- Human subacromial bursal cells display superior engraftment versus bone marrow stromal cells in murine tendon repair.Am J Sports Med. 2018; 46: 3511-3520
- Isolation and characterization of human mesenchymal stem cells derived from shoulder tissues involved in rotator cuff tears.Am J Sports Med. 2013; 41: 657-668
- A systematic review of the clinical applications and complications of bone marrow aspirate concentrate in management of bone defects and nonunions.Int Orthop. 2017; 41: 2213-2220
- Conventional rotator cuff repair complemented by the aid of mononuclear autologous stem cells.Knee Surg Sports Traumatol Arthrosc. 2012; 20: 373-377
- Examining the potency of subacromial bursal cells as a potential augmentation for rotator cuff healing: An in vitro study.Arthroscopy. 2019; 35: 2978-2988
- Comparison of preparation techniques for isolating subacromial bursa-derived cells as a potential augment for rotator cuff repair.Arthroscopy. 2019; 36: 80-85
- Reduced levels of mesenchymal stem cells at the tendon-bone interface tuberosity in patients with symptomatic rotator cuff tear.Int Orthop. 2015; 39: 1219-1225
- Minimal criteria for defining multipotent mesenchymal stromal cells. The International Society for Cellular Therapy position statement.Cytotherapy. 2006; 8: 315-317
- Factors associated with poor active anterior elevation after reverse total shoulder arthroplasty.J Shoulder Elbow Surg. 2018; 27: 786-793
- A radiographic classification of massive rotator cuff tear arthritis.Clin Orthop Relat Res. 2011; 469: 2452-2460
- The results of repair of massive tears of the rotator cuff.J Bone Joint Surg Am. 2000; 82: 505-515
- Classification of rotator cuff lesions.Clin Orthop Relat Res. 1990; 254: 81-86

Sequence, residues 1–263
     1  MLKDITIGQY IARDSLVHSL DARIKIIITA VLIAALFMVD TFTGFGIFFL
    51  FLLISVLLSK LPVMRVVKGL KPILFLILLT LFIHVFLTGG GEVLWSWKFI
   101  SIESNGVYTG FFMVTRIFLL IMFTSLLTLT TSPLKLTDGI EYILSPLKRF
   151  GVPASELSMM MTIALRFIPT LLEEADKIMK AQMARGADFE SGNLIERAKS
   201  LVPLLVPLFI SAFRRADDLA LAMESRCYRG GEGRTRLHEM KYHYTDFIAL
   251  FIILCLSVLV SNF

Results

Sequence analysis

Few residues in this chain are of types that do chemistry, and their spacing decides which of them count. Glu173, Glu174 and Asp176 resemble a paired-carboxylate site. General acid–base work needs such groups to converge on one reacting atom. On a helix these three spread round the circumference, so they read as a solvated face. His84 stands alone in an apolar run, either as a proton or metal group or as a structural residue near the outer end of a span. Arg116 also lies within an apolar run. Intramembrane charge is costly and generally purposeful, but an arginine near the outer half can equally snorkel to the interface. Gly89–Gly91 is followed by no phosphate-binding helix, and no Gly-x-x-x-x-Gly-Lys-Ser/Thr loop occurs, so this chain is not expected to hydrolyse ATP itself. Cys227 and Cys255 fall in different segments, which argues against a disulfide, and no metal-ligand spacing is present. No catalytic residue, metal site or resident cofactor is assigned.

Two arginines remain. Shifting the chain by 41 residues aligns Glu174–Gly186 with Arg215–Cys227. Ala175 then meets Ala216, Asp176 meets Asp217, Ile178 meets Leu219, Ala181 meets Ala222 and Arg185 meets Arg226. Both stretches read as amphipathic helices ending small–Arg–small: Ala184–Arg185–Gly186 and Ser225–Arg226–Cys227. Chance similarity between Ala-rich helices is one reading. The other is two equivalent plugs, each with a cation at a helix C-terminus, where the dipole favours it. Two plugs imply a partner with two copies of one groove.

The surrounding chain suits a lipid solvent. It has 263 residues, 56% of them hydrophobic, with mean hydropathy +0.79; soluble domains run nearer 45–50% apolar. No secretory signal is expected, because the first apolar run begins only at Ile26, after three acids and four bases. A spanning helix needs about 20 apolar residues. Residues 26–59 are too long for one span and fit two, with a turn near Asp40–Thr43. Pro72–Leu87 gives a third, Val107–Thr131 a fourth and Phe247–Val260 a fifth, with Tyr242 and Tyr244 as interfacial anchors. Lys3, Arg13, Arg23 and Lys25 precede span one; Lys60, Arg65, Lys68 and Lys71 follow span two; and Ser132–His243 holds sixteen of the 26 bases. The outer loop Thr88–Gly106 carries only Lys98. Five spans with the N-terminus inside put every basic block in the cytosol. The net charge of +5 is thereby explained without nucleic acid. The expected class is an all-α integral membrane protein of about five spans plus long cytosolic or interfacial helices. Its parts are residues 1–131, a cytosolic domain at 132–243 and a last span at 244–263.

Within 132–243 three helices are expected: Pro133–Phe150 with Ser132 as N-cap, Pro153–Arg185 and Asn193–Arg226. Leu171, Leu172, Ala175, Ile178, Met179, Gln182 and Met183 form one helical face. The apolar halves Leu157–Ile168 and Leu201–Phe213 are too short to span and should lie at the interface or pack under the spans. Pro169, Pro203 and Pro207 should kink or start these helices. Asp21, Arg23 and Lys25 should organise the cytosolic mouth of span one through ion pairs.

- Fatty muscle degeneration in cuff ruptures. Pre- and postoperative evaluation by CT scan.Clin Orthop Relat Res. 1994; 304: 78-83
- Atrophy of the supraspinatus belly. Assessment by MRI in 55 patients with rotator cuff pathology.Acta Orthop Scand. 1996; 67: 264-268
- The role of tendon and subacromial bursa in rotator cuff tear pain: A clinical and histopathological study.Knee Surg Sports Traumatol Arthrosc. 2015; 24: 3779-3786
- Rotator cuff re-tear or non-healing: Histopathological aspects and predictive factors.Knee Surg Sports Traumatol Arthrosc. 2011; 19: 1588-1596
- Surgical repair of rotator cuff ruptures—The importance of the subacromial bursa.J Bone Joint Surg Br. 1991; 73: 399-401
- Fatty infiltration and atrophy of the rotator cuff do not improve after rotator cuff repair and correlate with poor functional outcome.Am J Sports Med. 2007; 35: 719-728
- Biomechanical and biologic augmentation for the treatment of massive rotator cuff tears.Am J Sports Med. 2010; 38: 619-629
- Rotator cuff degeneration: Etiology and pathogenesis.Am J Sports Med. 2008; 36: 987-993
- Differential ubiquitin-proteasome and autophagy signaling following rotator cuff tears and suprascapular nerve injury.J Orthop Res. 2014; 32: 138-144
- mTOR regulates fatty infiltration through SREBP-1 and PPARgamma after a combined massive rotator cuff tear and suprascapular nerve injury in rats.J Orthop Res. 2013; 31: 724-730
- Evaluation of Akt/mTOR activity in muscle atrophy after rotator cuff tears in a rat model.J Orthop Res. 2012; 30: 1440-1446
- Lineage tracing of resident tendon progenitor cells during growth and natural healing.PLoS One. 2014; 9e96113
- Murine supraspinatus tendon injury model to identify the cellular origins of rotator cuff healing.Connect Tissue Res. 2016; 57: 507-515
- Regenerative biology of tendon: Mechanisms for renewal and repair.Curr Mol Biol Rep. 2015; 1: 124-131
- Spontaneous healing process of a supraspinatus tendon tear in rabbits.Arch Orthop Trauma Surg. 2004; 124: 374-377
- Rotator cuff tear arthropathy.J Am Acad Orthop Surg. 2007; 15: 340-349
Published online: June 14, 2020
Accepted: June 4, 2020
Received: December 8, 2019See commentary on page 2803
The authors report the following potential conflicts of interest or sources of funding: M.P.C. reports personal fees from the Arthroscopy Association of North America. A.D.M. receives research support from and is a consultant for Arthrex. Full ICMJE author disclosure forms are available for this article online, as supplementary material.
© 2020 by the Arthroscopy Association of North America